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Basic Business Forms

I. Introduction to Business Forms
a. Unincorporated Business Forms (not nec creatures of statute) and Corporations
(always creatures of statute)
i. Business is a profit-making activity in which people come together in a legal
relationship. The nature of the relationship will determine the form of the
business entity.
b. Agency
1. This is a fiduciary relationship in which one person manifests
authority to a third person to act on behalf of the principal person.
2. Types of agency authority:
a. Actual authority – the power of an agent to affect the legal
relations of the principal by acts done in accordance with the
principal’s manifestations or directions.
i. Scope: agent has authority to take action designated or
implied, which are necessary or incidental to achieving
the principal’s objects
b. Apparent authority – not actual authority. It is created by
conduct of the principal that creates the impression in the
mind of the third party that a person is authorized to act on
behalf of the principal when in fact that person does not have
II. Proprietorship
a. Ownership – ownership by a single individual
b. Liability – owner is singularly liable for all obligations
c. Management – owner has the sole right to manage
d. Profits – owners is solely entitled to the profits
e. Tax – not a separate entity; an extension of proprietor that is transferred directly to
his federal income tax return.
f. Not viewed as a separate legal entity, but rather is an extension of the proprietor
III. The General Partnership (GP) – Default**
a. Creation/Formation – formed by an oral or written agreement between two or more
parties; or if the parties engage in a business agreement for profit, they become
partners. It is not necessary for the parties to intend to form a partnership in order for
a partnership to be formed.
i. See UPA 202(a): two or more people form a GP, regardless of whether they
intended to or not.
ii. Changes in form:
1. When a new partner enters the partnership, it dilutes the partnership.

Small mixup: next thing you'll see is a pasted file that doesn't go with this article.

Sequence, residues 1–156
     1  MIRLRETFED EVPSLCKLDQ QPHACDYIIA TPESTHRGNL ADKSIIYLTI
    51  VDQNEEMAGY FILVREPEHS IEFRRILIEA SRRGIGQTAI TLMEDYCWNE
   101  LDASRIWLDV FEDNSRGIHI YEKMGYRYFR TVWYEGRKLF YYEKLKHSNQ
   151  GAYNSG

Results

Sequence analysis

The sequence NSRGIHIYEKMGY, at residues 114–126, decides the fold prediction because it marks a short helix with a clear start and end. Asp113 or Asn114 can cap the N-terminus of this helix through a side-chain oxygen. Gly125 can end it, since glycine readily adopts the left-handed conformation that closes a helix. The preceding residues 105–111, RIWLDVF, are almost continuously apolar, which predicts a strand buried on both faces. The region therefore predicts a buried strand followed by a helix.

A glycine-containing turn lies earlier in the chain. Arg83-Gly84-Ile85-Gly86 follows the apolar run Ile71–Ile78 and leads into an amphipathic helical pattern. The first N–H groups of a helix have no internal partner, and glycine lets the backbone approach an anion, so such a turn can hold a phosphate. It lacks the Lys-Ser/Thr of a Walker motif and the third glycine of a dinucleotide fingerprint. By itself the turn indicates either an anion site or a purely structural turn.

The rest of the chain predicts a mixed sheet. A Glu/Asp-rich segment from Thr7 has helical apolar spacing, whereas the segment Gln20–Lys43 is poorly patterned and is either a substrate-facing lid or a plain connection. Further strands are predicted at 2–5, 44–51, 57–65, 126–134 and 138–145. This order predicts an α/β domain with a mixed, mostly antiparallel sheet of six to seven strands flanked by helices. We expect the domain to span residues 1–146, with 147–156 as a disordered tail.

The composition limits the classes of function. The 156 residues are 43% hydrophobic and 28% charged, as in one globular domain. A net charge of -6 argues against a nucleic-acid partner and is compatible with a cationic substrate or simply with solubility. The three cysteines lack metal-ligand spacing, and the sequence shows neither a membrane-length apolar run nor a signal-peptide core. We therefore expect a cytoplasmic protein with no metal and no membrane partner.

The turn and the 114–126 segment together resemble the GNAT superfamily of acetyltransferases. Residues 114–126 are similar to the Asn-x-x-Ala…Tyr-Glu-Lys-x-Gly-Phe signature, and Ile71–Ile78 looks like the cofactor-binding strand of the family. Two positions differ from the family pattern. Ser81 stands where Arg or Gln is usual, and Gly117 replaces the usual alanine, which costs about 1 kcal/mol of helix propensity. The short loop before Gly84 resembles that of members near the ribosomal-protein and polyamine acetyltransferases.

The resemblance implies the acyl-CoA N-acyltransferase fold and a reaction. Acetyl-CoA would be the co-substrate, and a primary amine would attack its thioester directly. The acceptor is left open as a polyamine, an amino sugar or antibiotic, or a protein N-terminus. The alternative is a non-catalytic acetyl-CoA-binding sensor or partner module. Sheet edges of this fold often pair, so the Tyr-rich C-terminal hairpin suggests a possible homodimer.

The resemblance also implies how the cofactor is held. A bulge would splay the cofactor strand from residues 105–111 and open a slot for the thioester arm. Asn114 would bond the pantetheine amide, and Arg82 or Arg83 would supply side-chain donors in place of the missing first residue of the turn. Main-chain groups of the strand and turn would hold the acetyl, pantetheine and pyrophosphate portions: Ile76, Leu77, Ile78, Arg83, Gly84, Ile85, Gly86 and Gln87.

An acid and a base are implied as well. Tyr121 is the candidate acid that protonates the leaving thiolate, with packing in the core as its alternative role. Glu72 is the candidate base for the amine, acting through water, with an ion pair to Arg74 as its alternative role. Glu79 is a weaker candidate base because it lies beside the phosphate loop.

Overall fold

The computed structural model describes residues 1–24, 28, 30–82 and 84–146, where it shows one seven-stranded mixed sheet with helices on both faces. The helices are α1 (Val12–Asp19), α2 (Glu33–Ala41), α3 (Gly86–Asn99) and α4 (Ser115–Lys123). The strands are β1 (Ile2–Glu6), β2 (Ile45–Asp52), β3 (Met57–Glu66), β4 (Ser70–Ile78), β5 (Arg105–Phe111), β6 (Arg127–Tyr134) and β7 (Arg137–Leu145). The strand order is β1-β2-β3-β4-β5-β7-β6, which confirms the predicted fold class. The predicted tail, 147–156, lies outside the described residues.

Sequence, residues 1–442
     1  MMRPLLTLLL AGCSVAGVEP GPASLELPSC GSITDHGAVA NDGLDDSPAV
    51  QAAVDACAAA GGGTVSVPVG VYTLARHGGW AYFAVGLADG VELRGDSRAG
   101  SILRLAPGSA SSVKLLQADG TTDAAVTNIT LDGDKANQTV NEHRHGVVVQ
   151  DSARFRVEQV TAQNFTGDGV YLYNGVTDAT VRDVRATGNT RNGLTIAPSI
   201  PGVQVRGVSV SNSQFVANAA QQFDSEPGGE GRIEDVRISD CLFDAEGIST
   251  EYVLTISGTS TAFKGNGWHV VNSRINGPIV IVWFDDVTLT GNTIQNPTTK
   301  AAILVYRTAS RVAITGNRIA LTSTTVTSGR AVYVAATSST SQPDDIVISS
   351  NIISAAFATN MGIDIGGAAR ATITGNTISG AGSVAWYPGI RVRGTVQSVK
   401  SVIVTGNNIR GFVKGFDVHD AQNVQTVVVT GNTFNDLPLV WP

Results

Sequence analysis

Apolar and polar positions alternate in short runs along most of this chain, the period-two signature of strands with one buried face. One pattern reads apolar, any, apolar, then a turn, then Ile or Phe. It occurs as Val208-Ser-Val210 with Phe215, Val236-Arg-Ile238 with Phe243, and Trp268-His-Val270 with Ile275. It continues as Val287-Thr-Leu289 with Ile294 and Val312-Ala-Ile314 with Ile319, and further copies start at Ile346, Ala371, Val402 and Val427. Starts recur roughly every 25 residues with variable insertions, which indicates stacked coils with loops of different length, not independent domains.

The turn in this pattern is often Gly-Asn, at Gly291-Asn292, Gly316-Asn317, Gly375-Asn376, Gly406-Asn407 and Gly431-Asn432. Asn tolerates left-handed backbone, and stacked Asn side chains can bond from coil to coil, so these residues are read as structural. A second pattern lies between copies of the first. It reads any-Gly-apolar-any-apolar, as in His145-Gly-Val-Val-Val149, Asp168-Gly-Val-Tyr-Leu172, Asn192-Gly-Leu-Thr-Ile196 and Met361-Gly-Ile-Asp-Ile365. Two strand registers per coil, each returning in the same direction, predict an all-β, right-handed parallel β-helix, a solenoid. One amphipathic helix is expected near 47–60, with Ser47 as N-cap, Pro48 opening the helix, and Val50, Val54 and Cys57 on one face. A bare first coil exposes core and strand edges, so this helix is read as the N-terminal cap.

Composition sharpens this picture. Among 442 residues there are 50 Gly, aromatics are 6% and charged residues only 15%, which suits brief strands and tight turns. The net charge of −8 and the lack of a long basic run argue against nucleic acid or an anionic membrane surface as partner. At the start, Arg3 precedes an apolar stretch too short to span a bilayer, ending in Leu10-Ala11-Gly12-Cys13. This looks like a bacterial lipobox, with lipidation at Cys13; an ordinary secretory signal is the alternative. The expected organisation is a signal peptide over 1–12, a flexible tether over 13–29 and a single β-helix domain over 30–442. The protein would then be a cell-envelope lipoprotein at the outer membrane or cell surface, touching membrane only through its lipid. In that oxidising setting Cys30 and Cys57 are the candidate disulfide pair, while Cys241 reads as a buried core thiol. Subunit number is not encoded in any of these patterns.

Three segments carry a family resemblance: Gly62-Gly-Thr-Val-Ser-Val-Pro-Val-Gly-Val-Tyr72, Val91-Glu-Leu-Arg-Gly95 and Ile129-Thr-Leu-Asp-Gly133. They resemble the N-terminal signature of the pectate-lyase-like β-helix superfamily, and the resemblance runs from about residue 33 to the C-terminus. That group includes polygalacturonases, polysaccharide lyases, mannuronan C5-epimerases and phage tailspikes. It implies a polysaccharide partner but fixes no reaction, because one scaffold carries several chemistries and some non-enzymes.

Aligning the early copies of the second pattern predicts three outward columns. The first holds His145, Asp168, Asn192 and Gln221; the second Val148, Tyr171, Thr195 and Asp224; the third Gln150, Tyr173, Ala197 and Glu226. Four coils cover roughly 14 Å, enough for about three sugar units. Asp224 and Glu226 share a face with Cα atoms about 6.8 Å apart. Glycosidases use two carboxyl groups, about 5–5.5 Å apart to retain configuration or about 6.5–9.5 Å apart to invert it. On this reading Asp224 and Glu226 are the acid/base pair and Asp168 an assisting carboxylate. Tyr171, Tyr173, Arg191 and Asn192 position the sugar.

2. When a partner leaves the partnership, it concentrates the partnership.
iii. Partnership Agreement: The partnership agreement is the “law” of the
partnership and is binding on all partners. However, it is not binding on
persons who are not partners: Third parties may recover on partnership
obligations from any partner without regard to the arrangements set forth in
the partnership agreement.

1. The PA is the law of partnership only for that particular partnership.
The one agreement does not apply to other partnerships between the
iv. Creation by “estoppel” – two people can be found to be in a partnership with
each other if they represent to the outside world that they are in a partnership
b. Responsibilities/Liabilities
i. Joint and Several Liability (UPA 306)– all parties share in the partnership
losses and are personally responsible for all partnership obligations.
1. A partner is entitled to indemnification from the partnership – any
partner can be subject to suit, but that partner can go after the other
partner to recover for losses.
a. Exceptions to J/S Liability:
i. A partner is not liable for obligations incurred before
the person’s admission as partner
2. The partnership is primarily liable, and the partners are jointly and
severally liable secondarily.
ii. Losses (UPA 401) - Shared according to the agreement, or in the absence of
the agreement, in proportion to their profit sharing ratios (ownership interest).
1. Richert v. Handly – all losses will be shared equally in accordance
with statute unless a written agreement provides otherwise
c. Rights of Partners
i. Profits – parties share the right to profits; profit participations may be
allocated by agreement. In the absence of an agreement, profits are shared
1. Example: A and B form a partnership. The partnership purchases
computer equipment. A and B have no rights to the equipment, but
they do have a financial interest in the partnership. A and B do not
directly own the assets, but they do have capital accounts that reflect
the profits acquired by the partnership. The profits acquired by the
partnership are distributed out as property to the partners by way of
tax. Each partner’s capital account will be credited proportionally and
each partner will pay taxes at an individual level based on receipt of
those funds.
a. Partnership does have to distribute all of its income, but the
partners should not have to suffer.
ii. Management:
1. Default Rule: In the absence of a specific agreement, all partners shall
equally in management decisions (See UPA 1914 18e)
a. Nabisco v. Stroud – Actual Authority to Restrict
i. FACTS: Stroud tells Nabisco not to authorize the sale
unless he approves it. Freeman places an order in the
normal course of business – this order is binding on the
partnership because Stroud cannot restrict Freeman
like that.
ii. RULE: Each partner has the authority to make
decisions in the ordinary course of business. One
partner cannot restrict the other partner’s ability to

make decisions unless such a restriction is actually
spelled out in a written agreement.
iii. Absent a written agreement, all partners have equal
rights regardless of their percentage of ownership or
capital contribution.
iv. Remember: A partner can bind the partnership by
acting within the normal course of business, put cannot
bind the partnership if doing so places a restriction on
the other partner that prevents him from acting within